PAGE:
I thought this was interesting for our providers to know.
Published in Emerg Med J 2014 Aug 15; 31:649
Authors: Barkan S et al.
Compared with oral midazolam alone, midazolam and ketamine achieved a deeper level of sedation and a higher success rate but led to longer emergency department stays.
To compare the efficacy of oral midazolam alone and in combination with oral ketamine for pediatric laceration repairs, researchers in Israel randomized 60 healthy children (age range, 1–10 years) who required sedation for laceration repairs to receive either regimen. All patients received topical lidocaine, epinephrine, and tetracaine at triage, and premedication with oral midazolam (0.5 mg/kg) followed by oral ketamine (5 mg/kg) or placebo, as well as 1% intradermal lidocaine, prior to suturing.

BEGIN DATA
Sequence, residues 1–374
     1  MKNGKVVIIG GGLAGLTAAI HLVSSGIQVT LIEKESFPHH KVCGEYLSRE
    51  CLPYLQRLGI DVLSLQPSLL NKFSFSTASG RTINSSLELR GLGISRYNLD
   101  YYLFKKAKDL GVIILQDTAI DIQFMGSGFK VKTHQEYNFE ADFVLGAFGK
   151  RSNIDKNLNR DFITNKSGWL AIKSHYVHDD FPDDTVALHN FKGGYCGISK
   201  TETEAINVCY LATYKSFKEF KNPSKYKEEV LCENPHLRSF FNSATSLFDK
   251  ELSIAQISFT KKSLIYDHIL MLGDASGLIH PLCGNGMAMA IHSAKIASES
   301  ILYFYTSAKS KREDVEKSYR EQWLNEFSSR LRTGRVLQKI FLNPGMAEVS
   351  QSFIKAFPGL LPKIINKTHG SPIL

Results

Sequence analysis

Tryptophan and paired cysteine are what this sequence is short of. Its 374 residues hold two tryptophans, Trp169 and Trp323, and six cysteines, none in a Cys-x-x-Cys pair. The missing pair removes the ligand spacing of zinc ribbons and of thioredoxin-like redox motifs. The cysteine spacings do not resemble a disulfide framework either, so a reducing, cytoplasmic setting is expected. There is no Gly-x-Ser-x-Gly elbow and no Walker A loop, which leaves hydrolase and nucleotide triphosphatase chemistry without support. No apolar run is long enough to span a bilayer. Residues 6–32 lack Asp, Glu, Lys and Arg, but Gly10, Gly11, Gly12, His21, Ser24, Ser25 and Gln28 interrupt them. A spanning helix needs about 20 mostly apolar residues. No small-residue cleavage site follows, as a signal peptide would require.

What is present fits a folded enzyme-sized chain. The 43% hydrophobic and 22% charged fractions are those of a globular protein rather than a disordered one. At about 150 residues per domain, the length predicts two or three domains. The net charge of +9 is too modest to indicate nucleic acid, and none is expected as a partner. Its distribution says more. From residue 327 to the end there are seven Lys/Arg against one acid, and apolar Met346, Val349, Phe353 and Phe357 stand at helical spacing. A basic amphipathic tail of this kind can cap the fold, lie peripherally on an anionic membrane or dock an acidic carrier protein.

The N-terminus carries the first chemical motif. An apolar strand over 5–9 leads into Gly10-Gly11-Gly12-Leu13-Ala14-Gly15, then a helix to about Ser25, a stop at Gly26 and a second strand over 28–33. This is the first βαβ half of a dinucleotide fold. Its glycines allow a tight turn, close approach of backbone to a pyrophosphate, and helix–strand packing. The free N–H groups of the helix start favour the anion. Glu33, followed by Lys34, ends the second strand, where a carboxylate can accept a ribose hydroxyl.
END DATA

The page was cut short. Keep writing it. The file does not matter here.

Most patients (80%) had facial lacerations. Fewer patients in the midazolam-ketamine group than in the midazolam-placebo group required intravenous sedation (2 vs. 8 patients), and these patients were excluded from the analysis. Pain (rated by parents on a visual analog scale) was similar between groups. Time to discharge was longer in the midazolam-ketamine group (187 vs. 122 minutes). Adverse events occurred at similar rates in the two groups; all were mild and resolved spontaneously.
Although numerous sedation regimens are used to achieve analgesia and anxiolysis for pediatric patients undergoing painful procedures, oral ketamine is not common. Based on this study, adding oral ketamine to oral midazolam should be considered, with particular attention paid to the longer emergency department stays.